George Michael memorial 'finally gets go-ahead' five years after first planned

4 July 2023, 11:54

The Story of Wham! told by George Michael

By Mayer Nissim

George Michael lived in Goring-on-Thames in South Oxfordshire for almost two decades.

Listen to this article

Loading audio...

A long-planned memorial for pop icon George Michael has reportedly finally been given the go-ahead.

The bronze statue in Goring-on-Thames in South Oxfordshire, where George lived for 17 years until his death, was first formally proposed by his estate five years ago.

According to The Sun, the plans were not universally popular with local residents, with parish councillors wary of "stirring up a hornets' nest" by approving the application when it was first lodged.

At that time the council blocked the plans, claiming that the proposals – which then included a two-day memorial concert – were "not thorough enough" to be approved.

Those original plans were for a bronze sculpture of George seated on a sofa or a bench in the village high street, with a quote and concept drawings provided by artist Andrew Sinclair.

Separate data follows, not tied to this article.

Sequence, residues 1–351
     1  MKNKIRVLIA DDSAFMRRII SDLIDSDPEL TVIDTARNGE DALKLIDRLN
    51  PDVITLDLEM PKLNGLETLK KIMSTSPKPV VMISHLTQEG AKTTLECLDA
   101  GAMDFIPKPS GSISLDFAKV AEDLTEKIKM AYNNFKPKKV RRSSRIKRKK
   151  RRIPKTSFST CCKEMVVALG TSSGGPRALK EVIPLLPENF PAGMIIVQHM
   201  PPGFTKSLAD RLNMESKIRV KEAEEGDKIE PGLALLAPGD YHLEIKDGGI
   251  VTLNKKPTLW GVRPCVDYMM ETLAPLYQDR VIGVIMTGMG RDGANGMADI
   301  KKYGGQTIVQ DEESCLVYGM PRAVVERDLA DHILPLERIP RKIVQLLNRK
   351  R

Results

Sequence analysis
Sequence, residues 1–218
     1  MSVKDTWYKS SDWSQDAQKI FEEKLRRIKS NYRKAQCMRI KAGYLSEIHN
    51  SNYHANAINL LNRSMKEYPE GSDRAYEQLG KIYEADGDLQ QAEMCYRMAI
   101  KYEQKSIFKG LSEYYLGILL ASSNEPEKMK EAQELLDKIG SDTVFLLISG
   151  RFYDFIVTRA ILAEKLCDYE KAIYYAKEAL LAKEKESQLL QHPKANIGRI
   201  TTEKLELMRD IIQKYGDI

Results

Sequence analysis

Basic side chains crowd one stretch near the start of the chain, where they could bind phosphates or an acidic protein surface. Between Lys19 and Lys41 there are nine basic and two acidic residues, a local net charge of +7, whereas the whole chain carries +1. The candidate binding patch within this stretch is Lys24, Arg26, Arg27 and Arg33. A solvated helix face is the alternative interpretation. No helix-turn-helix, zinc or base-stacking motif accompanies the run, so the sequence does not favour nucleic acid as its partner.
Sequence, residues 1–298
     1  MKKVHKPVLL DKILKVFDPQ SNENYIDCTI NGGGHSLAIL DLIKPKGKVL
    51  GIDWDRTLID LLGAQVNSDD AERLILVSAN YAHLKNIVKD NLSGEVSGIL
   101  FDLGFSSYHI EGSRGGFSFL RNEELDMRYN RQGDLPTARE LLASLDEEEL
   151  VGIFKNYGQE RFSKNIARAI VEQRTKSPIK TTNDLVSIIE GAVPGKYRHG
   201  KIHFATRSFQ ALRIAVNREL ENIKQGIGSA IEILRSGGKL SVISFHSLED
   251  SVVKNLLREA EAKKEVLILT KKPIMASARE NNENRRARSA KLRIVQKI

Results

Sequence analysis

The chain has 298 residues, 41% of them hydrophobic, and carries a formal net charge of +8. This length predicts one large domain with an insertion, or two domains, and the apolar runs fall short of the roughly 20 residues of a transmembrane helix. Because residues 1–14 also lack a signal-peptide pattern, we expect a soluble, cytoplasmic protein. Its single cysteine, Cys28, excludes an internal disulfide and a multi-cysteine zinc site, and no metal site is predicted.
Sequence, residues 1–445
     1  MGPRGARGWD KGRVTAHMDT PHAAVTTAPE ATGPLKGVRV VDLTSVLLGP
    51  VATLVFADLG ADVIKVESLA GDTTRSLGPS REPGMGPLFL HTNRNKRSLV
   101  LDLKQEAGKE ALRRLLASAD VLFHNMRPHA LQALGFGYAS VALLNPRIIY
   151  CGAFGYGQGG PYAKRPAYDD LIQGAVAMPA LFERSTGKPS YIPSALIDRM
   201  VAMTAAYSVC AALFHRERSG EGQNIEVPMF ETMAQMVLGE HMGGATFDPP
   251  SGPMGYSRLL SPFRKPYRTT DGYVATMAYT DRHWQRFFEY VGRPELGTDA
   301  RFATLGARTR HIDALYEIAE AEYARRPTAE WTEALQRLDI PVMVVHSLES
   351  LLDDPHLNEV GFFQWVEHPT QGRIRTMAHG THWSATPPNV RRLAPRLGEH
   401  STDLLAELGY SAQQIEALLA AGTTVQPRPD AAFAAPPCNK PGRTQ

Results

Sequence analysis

George Michael in concert in 2007
George Michael in concert in 2007. Picture: Getty Images

Geoge was photographed in a similar pose for the cover of his 2004 album Patience.

But now new plans have been approved, and sculptor Laura Lian has said to have met with George's friend Andros Georgiou to discuss the project.

The artist is believed to have been introduced to the George Michael estate by a friend, with her previous work including sculptures of David Bowie and John Lennon.

George Michael in 1984
George Michael in 1984. Picture: Getty Images

While it still attracts fans to this day, George's home was sold by his estate in 2019 for £3.4 million.

"We can confirm that we have now sold George’s former home in Goring-on-Thames," said family and estate lawyer John Reid at the time.

"It was a place that he loved, not least for the privacy that it afforded him. We would therefore kindly ask that the new owners have their privacy respected and are able to enjoy the property as he did."